Farmland values have dropped for only the second time since the 1980s farm crisis prompted a wave of foreclosures. The Department of Agriculture last week issued a report that shows farmland values in the lower 48 states declined $10 to average $3,010 per acre. Cropland values declined one percent to average $4,090 per acre, while pastureland was unchanged at $1,330 per acre. Lower farm income over the last few years had not impacted land values until recently. Bloomberg reports the trend in land prices is likely to be similar to the 1980s, when values fell for three years. While the current skid may not match the magnitude of that slump, analysts say the decline is likely to continue. The biggest drop was in Kansas, down 7.4 percent to average $1,880 per-acre. The Corn Belt remained the most expensive region, even as prices fell 0.9 percent to average $6,290 per acre. In February, USDA said declining commodity prices will push farm income down 2.8 percent to $54.8 billion this year, less than half of the 2013 record.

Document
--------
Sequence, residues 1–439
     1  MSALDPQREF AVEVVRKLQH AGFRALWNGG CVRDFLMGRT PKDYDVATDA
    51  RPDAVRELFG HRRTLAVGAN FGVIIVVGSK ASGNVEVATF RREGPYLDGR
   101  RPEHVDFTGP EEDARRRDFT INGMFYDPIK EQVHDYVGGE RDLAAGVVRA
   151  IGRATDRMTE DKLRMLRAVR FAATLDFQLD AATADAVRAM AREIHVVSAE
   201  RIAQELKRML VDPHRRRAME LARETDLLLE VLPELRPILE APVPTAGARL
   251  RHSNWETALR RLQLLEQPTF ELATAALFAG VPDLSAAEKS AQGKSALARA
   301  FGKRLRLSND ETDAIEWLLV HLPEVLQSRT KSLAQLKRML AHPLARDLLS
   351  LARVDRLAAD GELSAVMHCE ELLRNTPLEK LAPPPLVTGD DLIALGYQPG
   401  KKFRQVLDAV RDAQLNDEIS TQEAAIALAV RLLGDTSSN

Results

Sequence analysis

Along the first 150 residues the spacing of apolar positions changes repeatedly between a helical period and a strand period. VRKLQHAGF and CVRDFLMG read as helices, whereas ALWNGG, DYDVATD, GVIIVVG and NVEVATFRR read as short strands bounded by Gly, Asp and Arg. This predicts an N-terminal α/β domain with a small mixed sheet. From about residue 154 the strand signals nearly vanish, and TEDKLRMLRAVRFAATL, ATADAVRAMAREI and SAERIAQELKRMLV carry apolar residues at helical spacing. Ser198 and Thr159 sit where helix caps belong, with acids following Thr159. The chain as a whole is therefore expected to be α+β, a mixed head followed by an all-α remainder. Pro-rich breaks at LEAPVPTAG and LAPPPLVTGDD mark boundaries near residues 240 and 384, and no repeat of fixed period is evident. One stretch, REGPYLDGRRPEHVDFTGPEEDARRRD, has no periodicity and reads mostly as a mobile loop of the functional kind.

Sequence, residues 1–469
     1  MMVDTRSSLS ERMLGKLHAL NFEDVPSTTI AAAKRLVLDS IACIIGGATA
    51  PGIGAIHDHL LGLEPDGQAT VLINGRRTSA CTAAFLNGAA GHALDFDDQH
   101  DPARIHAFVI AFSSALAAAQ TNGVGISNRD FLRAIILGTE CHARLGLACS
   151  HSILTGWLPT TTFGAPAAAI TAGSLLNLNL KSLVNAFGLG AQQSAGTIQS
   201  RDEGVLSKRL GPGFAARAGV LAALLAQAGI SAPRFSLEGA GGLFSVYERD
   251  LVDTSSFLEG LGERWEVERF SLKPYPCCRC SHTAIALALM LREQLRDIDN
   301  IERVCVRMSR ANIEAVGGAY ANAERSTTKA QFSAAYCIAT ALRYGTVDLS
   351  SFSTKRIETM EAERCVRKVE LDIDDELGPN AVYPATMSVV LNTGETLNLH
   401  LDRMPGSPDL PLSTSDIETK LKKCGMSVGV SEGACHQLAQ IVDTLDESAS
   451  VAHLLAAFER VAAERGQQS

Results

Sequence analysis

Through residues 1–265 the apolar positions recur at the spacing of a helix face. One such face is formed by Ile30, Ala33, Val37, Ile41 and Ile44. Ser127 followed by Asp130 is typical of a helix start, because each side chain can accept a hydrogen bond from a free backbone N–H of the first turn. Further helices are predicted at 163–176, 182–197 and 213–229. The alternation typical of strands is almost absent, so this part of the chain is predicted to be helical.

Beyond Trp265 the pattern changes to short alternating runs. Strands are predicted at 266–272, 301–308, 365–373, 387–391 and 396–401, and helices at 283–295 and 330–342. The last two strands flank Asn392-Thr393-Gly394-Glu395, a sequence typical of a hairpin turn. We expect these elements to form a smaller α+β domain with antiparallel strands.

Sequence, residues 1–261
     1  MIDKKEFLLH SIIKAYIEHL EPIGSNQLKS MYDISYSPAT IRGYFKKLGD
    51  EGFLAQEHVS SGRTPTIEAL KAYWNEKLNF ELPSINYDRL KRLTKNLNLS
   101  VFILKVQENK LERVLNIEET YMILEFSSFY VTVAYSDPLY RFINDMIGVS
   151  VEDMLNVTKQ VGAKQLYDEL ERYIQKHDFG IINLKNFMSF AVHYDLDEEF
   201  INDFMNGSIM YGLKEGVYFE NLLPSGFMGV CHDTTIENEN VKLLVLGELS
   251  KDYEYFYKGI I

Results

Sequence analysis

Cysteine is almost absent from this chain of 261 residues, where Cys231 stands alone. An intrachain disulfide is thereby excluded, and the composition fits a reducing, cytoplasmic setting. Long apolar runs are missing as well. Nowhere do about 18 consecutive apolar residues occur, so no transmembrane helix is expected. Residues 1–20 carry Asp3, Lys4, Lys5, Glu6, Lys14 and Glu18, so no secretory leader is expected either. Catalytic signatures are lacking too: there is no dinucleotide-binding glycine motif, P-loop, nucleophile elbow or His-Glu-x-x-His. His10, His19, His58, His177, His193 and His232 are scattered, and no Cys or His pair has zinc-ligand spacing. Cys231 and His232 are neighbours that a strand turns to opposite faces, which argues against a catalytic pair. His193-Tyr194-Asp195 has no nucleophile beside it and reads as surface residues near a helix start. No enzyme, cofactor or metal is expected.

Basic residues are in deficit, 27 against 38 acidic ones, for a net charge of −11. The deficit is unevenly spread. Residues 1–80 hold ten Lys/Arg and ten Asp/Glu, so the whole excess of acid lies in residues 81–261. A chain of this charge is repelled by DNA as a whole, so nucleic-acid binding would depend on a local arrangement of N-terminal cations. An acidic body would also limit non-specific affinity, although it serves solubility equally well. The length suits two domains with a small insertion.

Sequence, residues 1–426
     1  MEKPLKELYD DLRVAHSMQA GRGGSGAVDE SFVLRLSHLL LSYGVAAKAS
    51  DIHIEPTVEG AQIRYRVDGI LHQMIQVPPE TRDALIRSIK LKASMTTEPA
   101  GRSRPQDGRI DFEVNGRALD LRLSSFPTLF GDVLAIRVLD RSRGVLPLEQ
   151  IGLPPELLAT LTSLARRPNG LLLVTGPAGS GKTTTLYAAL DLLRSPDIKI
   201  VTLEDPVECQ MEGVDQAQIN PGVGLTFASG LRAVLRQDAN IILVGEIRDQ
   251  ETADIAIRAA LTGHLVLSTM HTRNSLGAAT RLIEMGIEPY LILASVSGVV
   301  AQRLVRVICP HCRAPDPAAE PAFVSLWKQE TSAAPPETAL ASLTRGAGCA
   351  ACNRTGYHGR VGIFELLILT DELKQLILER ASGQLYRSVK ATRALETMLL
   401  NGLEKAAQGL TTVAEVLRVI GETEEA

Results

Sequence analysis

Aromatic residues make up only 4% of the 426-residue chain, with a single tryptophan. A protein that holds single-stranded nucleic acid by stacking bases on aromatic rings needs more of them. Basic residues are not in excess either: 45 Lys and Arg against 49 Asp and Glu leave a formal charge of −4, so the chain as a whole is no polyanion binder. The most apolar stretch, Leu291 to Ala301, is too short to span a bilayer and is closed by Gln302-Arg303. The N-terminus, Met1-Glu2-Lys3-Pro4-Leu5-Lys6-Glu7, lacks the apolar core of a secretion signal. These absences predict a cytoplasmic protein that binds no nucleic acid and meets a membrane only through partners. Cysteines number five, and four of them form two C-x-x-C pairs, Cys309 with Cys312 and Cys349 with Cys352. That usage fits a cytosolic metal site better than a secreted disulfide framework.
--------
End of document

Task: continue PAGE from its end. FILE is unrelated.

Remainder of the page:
From the National Association of Farm Broadcasting news service.